Can Greta Thunberg and pupils
explain to politics what
science itself cannot define?
Posted March 08, 2020 – Images: October 2019, London-Trafalgar Square
The fact is certain. Global temperatures have increased in the past 150 years. There is no need for science to determine this. A few dozen thermometers read daily and recorded statistically would prove it.
Now several 10,000 scientists are active, at the cost of several billion, tirelessly claiming that the warming is mainly related to the higher, man-made, CO2 (carbon dioxide). This is possible to a percentage, but it can also be seriously wrong. More than an assertion, although based on a logical assumption (greenhouse-effect) it is not.
In a recent paper (Drotos et al., Jan. 2020), scientists determine the climate sensitivity to CO2 is “practically zero” the more the concentration rises. A ~4450 ppm CO2 concentration has cooler climates than observed in the pre-industrial (278 ppm) era.
The current climate hysteria has a cause. Climate science doesn’t know what it’s talking about. She talks about the ”climate” but is unable to say what it is and to define the term scientifically.
Now she even supports students like Greta Thunberg and the Fridays for Future movements to put pressure on politics for more money and political influence in favor of science. [See: https://scientistsforfuture.org/]
Climate science is perhaps the greatest threat to protecting global nature from the dangerous effects of human activity because it does not understand important parameters of global processes and ignores them. See an article from 1993:
The climatic change issue has recently become one of the most serious challenges facing humankind. As L.O.S. Lieder insists on brevity, even though this issue deserves to be discussed at length, I beg your forgiveness for formulating my thesis directly and perhaps somewhat dramatically: climatic specialists and those people who have contributed to recent debates are possibly as much of a threat to the climate as the pollution caused by industrialization. For almost one hundred years, science has failed to realize that climate and the oceans are one and the same thing. As a result, the 1982 U.N. Convention on the Law of the Sea, the only true treaty dealing with climatic change issues, was thwarted the moment it came into effect over ten years ago.
Although climate should long ago have been defined as “the continuation of the ocean by other means,” the Framework Convention on Climate Change of June 1992 came up with an alternate definition: “The totality of the atmosphere, hydrosphere, biosphere and geosphere and their interactions.” What this all boils down to is that climate is nature working in all its forms – a nonsensical definition and useless as a basis for legal regulations.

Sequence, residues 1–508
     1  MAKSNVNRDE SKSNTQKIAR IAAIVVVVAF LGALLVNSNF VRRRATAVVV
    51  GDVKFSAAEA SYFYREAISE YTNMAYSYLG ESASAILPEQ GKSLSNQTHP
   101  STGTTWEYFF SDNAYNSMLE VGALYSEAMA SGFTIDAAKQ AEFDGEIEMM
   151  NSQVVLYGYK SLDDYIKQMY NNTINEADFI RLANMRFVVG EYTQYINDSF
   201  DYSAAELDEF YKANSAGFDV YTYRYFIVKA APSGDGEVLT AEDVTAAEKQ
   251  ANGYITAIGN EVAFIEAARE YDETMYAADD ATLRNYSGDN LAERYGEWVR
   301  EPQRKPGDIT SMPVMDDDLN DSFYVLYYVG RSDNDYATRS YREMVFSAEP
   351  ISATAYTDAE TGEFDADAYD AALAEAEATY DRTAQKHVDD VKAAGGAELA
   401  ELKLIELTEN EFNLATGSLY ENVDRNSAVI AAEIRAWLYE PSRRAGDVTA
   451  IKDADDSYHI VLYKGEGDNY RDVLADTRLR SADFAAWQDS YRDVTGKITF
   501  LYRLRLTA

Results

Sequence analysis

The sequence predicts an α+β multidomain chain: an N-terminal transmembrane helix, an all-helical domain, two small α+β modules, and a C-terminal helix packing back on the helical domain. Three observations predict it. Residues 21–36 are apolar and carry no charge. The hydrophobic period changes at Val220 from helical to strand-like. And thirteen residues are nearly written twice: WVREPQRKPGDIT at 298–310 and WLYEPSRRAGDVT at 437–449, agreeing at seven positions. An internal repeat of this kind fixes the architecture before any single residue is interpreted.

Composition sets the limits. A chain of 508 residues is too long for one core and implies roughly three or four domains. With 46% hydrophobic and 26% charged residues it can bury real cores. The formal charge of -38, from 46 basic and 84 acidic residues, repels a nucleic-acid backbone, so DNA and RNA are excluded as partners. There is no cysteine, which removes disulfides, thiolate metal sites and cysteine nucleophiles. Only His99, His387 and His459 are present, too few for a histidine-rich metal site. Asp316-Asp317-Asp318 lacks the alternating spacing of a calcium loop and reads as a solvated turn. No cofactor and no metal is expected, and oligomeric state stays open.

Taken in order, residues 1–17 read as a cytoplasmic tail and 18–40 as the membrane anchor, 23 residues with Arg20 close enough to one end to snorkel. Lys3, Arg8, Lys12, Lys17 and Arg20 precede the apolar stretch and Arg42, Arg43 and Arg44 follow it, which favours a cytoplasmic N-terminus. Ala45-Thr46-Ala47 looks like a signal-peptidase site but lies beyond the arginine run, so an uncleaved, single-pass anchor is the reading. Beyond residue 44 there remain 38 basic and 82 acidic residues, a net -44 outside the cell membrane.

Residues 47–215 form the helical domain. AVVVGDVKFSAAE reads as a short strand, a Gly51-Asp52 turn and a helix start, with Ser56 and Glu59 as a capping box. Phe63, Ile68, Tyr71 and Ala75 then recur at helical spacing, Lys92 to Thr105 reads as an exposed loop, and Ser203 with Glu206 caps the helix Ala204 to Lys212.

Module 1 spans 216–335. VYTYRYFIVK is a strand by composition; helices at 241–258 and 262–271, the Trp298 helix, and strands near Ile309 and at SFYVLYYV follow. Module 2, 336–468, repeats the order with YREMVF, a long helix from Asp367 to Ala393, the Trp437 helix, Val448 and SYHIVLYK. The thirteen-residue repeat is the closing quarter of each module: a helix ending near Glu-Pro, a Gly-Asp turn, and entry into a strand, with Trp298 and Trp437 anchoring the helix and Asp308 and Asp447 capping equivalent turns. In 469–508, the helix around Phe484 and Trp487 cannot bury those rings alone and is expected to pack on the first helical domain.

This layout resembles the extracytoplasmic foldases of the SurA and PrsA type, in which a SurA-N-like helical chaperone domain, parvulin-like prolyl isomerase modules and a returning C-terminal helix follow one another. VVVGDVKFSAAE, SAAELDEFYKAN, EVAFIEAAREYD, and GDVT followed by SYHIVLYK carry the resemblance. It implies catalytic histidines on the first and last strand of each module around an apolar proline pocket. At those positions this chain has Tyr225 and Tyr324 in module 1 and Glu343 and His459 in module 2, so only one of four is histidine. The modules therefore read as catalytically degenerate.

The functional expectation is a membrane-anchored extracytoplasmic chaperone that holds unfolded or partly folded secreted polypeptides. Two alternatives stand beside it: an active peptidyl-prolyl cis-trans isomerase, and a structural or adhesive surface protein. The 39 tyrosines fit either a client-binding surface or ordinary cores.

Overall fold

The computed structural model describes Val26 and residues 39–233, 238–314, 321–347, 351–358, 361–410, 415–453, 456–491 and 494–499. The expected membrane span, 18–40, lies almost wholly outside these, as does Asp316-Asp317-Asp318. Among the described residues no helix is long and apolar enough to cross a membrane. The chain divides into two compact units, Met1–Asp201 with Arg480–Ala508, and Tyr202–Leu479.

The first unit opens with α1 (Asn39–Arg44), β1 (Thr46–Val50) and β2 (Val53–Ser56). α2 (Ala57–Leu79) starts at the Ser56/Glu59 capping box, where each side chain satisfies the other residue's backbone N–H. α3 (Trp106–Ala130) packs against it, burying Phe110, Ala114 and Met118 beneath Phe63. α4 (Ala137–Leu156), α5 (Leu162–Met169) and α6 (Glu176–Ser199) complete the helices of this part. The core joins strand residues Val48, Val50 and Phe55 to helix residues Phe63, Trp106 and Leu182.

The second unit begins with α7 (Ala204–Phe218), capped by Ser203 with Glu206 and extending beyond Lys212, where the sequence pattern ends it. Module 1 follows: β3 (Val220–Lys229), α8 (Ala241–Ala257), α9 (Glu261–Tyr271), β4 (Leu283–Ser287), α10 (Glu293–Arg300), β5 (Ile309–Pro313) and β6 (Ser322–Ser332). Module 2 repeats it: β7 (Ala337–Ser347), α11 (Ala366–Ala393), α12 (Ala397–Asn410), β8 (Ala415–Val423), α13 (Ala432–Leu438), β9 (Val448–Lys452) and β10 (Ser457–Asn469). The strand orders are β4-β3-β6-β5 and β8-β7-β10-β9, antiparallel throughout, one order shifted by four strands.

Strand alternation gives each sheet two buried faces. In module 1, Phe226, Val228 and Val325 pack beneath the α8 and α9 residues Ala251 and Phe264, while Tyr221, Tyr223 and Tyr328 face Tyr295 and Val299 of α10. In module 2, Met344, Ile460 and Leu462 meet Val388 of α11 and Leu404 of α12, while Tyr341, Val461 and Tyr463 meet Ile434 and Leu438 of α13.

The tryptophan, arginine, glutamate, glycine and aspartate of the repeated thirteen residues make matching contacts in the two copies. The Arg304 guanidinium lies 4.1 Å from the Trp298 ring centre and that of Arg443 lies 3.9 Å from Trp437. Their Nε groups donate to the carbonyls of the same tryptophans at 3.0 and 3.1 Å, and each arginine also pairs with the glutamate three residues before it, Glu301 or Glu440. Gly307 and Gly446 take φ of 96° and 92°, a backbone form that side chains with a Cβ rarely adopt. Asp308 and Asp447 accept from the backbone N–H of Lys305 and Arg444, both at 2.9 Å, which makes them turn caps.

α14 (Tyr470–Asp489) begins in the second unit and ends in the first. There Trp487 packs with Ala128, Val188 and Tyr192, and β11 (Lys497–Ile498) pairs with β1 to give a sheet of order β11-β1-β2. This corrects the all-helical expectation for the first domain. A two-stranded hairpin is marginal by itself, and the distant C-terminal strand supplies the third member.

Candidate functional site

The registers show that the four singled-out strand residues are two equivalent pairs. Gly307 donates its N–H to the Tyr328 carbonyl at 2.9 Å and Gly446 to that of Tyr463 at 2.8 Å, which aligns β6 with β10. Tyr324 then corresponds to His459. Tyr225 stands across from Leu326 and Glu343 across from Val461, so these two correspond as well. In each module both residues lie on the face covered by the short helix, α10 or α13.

As recently as 1990, the Intergovernmental Panel on Climate Change (IPCC) came to the conclusion that CO2 was altering the climate and that “understanding and detecting the earth’s climate system must surely be the greatest scientific challenge yet to be faced by humankind. It is a worthy banner under which the nations of the world can unite” (IPCC 1990, Working Group I, p. 328). Certainly, it is not a bad thing for science. The 1992 Earth Summit resulted in an unprecedented success for the scientists working in the climatic area, forcing politicians to listen to them and paving the way for greater financial backing in an effort to understand and come to terms with the climate system.
Yet, what is good for scientists is not necessarily good for the climate. The simple fact of the matter is that meteorology has never been particularly interested in climate except for statistical purposes, defining it as the average weather over a given period of time. On the other hand, there are the mathematicians, physicists and chemists, who do little more than apply their laboratory findings, theoretical conclusions and abstract calculations performed on greenhouse gases to a real natural system with little regard for the true essence of climate.
But while the seas continue to influence the climate, science is staring into the air (or, to be more precise, the atmosphere) in an attempt to find out what makes the climate tick. What is more, scientists have misled the international community of nations by claiming that greenhouse gases are the actual cause of climate change. This may yet prove to be the real tragedy of the climate change issue. After all, the oceans are still the part of the world about which the least is known. There is neither an “inventory” of the oceans nor an observation system. What is even sadder is that climate is still far from being acknowledged as the blue print of the oceans.
So beware of IPCC’s call for unification in its attempt to come to terms with the climate. The climatic change issue is far too serious a matter to leave to those who should have known better for many decades and who were not interested in or aware of matters relating to the oceans. It is high time to enforce what is by far the best convention for understanding and protecting the climate — the 1982 U.N. Convention on the Law of the Sea — before it is too late. After all, it is the first global constitution and would therefore compel humankind to ensure that the planet remains a place worth living in. There is no need to “detect the earth’s climate” and even less is there a need for a banner to serve IPCC’s “greatest scientific challenge.”-